e off amidst the yells and shots of the infuriated crowd. They left the city by the way of Hookset Bridge, the other avenues being guarded, and hurried in the direction of Haverhill. In the morning they stopped to refresh themselves and their tired horse. While at breakfast they found that ill news travels fast, and gets worse as it goes; for the landlord told them that there had been an abolition meeting at Haverhill the night before, and that George Thompson, the Englishman, and a young Quaker named Whittier, who had brought him, were both so roughly handled that they would never wish to talk abolition again. When the guests were about to leave, Whittier, just as he was stepping into the carriage, said to the landlord, My name is Whittier, and this is George Thompson. The man opened his eyes and mouth with wonder as they drove away. When they arrived at Haverhill they learned of the doings of the mob there, and the fortunate escape of their friend May. Underwood's Whittier, p
Thomas Wentworth Higginson, John Greenleaf Whittier, Chapter 6: a division in the ranks (search)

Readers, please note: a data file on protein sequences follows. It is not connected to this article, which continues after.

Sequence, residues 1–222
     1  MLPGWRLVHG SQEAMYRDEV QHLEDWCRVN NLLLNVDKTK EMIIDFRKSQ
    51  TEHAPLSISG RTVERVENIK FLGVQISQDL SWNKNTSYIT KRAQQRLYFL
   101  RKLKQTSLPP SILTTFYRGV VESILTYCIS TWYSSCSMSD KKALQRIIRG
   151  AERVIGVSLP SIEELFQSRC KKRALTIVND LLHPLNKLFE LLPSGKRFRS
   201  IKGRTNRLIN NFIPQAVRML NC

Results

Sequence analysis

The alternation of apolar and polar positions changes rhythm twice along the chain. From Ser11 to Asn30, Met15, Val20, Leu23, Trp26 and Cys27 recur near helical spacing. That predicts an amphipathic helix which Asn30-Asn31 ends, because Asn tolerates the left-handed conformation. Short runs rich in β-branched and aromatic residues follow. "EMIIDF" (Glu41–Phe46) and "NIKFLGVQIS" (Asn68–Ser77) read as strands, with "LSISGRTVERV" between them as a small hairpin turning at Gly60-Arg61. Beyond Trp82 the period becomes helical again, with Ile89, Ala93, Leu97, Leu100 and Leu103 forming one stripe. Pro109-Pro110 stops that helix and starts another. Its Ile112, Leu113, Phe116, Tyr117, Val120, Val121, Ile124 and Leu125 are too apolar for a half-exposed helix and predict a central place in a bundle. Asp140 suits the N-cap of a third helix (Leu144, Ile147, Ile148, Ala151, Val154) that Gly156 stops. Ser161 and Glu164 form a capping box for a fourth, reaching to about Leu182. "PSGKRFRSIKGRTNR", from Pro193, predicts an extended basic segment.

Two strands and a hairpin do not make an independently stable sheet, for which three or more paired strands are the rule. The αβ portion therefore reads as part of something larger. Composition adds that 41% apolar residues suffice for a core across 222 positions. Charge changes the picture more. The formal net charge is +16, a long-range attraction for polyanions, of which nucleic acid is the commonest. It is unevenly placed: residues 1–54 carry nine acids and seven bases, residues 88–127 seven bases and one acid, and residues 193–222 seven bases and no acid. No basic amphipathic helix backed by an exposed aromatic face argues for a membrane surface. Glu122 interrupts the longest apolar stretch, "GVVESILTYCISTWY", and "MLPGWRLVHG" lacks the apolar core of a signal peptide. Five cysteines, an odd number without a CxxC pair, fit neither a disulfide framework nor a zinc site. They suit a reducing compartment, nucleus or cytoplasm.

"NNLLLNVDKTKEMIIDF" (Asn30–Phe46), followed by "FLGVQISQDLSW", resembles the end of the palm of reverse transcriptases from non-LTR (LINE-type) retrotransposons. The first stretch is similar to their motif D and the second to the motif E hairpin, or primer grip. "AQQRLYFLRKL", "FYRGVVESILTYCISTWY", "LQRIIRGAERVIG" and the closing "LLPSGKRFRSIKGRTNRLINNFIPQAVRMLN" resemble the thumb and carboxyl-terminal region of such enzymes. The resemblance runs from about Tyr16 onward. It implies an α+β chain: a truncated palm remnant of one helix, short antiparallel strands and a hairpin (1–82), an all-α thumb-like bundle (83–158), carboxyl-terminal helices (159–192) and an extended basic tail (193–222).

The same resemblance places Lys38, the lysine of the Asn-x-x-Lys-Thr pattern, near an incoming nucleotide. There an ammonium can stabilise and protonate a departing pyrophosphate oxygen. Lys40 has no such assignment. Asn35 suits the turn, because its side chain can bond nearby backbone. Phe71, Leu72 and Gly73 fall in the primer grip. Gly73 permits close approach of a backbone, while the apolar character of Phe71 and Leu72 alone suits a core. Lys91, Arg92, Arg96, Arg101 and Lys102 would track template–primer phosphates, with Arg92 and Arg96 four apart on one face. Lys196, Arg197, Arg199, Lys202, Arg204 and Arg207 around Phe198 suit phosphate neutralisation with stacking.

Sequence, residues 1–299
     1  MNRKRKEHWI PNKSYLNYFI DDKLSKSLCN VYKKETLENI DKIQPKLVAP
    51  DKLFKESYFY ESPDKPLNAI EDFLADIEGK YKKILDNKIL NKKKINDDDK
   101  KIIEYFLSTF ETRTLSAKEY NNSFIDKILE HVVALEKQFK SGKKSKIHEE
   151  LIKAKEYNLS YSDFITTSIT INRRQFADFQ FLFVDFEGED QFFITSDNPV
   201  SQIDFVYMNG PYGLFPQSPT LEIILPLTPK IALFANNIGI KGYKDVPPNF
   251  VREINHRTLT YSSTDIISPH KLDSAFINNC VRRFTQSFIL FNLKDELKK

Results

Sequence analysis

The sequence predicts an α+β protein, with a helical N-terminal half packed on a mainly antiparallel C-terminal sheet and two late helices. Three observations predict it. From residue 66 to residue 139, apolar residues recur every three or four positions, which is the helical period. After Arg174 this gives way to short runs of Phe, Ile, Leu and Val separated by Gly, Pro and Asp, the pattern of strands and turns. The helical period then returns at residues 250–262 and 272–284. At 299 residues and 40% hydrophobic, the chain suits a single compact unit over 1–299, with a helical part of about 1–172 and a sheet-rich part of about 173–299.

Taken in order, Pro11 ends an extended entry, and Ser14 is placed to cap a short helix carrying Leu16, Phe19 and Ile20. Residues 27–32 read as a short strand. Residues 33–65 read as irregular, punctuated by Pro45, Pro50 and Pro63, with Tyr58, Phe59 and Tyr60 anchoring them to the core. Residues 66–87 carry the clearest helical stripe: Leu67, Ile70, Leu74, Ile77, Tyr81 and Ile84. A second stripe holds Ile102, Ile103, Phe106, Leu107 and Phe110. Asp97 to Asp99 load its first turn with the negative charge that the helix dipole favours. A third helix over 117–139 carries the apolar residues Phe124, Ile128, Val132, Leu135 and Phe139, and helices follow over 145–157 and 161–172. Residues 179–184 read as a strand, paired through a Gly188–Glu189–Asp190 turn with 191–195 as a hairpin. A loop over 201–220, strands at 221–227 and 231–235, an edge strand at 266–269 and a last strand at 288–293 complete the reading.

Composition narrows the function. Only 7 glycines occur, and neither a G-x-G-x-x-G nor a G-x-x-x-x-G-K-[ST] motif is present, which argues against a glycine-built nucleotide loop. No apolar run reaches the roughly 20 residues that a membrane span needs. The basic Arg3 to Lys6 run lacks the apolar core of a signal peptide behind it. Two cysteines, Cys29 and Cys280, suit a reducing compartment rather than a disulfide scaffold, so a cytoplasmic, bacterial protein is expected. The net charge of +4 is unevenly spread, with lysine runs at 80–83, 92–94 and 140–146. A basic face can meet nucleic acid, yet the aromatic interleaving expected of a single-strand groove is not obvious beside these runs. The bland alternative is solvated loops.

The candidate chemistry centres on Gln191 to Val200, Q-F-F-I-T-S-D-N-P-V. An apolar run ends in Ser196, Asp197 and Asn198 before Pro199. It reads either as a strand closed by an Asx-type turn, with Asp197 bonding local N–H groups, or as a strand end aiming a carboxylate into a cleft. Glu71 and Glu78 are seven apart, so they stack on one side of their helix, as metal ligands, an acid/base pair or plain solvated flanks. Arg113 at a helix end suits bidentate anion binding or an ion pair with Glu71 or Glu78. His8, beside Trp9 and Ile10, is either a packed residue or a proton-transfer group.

hat very able woman, Mrs. Lydia Maria Child, always differed from Garrison and his more intimate followers in the view they took of the Rev. Dr. William Ellery Channing, to whom Whittier had written, of his own impulse, in early youth, a serious appeal urging him to enter strenuously upon the antislavery agitation. Whittier was, it must be remembered, addressing one incomparably his superior at that time, in prominence and influence, as in years. It was a bold letter to be written by a shy Quaker youth of twenty-six to a man more than twice his years, for Channing was then almost fifty-four. A yet unknown man, Whittier was offering counsel to the most popular clergyman in Boston. Written in 1834, the letter long preceded Channing's Faneuil Hall speech of 1837, which first clearly committed him to the antislavery movement; and it still farther preceded his work on slavery in 1841, which identified him with the enterprise and made him, in the minds of the more moderate, its recognis
Thomas Wentworth Higginson, John Greenleaf Whittier, Chapter 7: Whittier as a social reformer (search)